The transportation alternatives survey provided valuable information on how students and faculty got to campus and also provided details about respondents’ preferences for other modes of transportation. Supported by this information, the sustainability council worked with existing university departments and affiliated services to create programs that expand transportation choices. Beginning in fall 2012, the university launched car and bike share programs, rerouted existing bus lines to better serve the university’s three campuses, and partnered with Zimride, a social media platform that supports carpooling. Perhaps the most ambitious of these new programs, Earn-A-Bike provides participating students, faculty, and staff with a $400 voucher to be used toward the purchase of a bicycle (or bicycle repairs), helmet, lock, and other equipment essential to bicycle commuting. Participation comes with one major concession: receipt of the voucher requires program participants to forgo the purchase of a university parking permit for two years.

One person instructing eight cyclists on the University of Louisville campus.
University-sponsored cycling classes teach safe cycling skills to students, staff, and faculty. Image courtesy Justin Mog.

Based on information gathered from program applications, Mog estimates that approximately 40 percent of those receiving vouchers had parking permits in previous academic years or had returned their parking permit to become eligible for the voucher. “A main goal of the program is to reach those people who would otherwise drive to campus. This way, we are encouraging healthy transportation choices and reducing vehicle trips,” says Mog. Despite a limited outreach and marketing effort, more than 800 university students, faculty, and staff applied for the 400 vouchers offered in the program’s first year. Seventy-six percent of the vouchers went to students, 20 percent to university staff, and 4 percent to faculty. To further encourage cycling on campus, 66 new bicycle racks and five “fix-it-stations” — each including a bike stand, hand tools, and a tire pump — were installed before the program’s launch.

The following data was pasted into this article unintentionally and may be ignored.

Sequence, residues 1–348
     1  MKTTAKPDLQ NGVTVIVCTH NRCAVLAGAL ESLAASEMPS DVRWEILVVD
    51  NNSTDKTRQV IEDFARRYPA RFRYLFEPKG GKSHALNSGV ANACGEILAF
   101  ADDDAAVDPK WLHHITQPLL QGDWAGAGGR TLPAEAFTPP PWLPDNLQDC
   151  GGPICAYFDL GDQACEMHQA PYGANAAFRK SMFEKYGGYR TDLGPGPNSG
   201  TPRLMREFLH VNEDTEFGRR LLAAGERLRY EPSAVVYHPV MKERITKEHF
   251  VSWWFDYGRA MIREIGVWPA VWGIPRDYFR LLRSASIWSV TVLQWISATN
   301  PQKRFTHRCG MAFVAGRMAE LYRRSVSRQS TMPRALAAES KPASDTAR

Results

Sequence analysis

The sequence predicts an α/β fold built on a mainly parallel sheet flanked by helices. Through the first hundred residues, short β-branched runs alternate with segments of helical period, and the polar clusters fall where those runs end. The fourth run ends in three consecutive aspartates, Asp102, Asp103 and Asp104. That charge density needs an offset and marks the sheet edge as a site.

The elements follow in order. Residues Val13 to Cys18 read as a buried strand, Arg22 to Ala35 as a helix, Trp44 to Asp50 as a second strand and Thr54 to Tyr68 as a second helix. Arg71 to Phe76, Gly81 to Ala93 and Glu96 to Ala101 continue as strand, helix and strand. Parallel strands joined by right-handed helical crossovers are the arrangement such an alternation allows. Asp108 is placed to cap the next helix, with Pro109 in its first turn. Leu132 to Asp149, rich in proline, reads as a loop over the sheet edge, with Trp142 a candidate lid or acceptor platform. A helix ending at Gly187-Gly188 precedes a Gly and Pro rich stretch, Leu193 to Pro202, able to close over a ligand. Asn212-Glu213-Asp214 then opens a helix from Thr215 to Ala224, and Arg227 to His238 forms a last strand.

In the coming years, Mog hopes that a stronger marketing campaign will enable the program to reach even more would-be drivers and perhaps even change the way students select their housing. “A $400 voucher is a pretty significant incentive, particularly for a student. Earning a bike and choosing to live close to campus really cuts down [on] transportation costs.” The program will continue with an annual budget allocation of $175,000. “This isn’t a one-shot deal,” says Mog. “The university has committed to it for the foreseeable future.” The relatively low annual cost of the program could save the university millions of dollars by reducing the need for new on-campus parking structures.

The Earn-A-Bike program is just one component of the university’s effort to encourage cycling among its students, faculty, and staff. This program and the university’s recent investments in cycling infrastructure are part of the university’s bicycle master plan, which supports the broader goals of the climate action plan by reducing automotive dependence and GHG emissions. In spring 2013, the university will conduct another transportation survey to evaluate the effectiveness of its efforts to expand bicycle ridership and other alternative transportation modes.